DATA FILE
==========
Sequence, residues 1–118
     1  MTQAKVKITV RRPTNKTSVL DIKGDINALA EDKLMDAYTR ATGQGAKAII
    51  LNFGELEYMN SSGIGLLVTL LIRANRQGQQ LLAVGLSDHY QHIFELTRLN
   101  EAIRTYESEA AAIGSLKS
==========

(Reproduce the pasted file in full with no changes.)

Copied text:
Sequence, residues 1–118
     1  MTQAKVKITV RRPTNKTSVL DIKGDINALA EDKLMDAYTR ATGQGAKAII
    51  LNFGELEYMN SSGIGLLVTL LIRANRQGQQ LLAVGLSDHY QHIFELTRLN
   101  EAIRTYESEA AAIGSLKS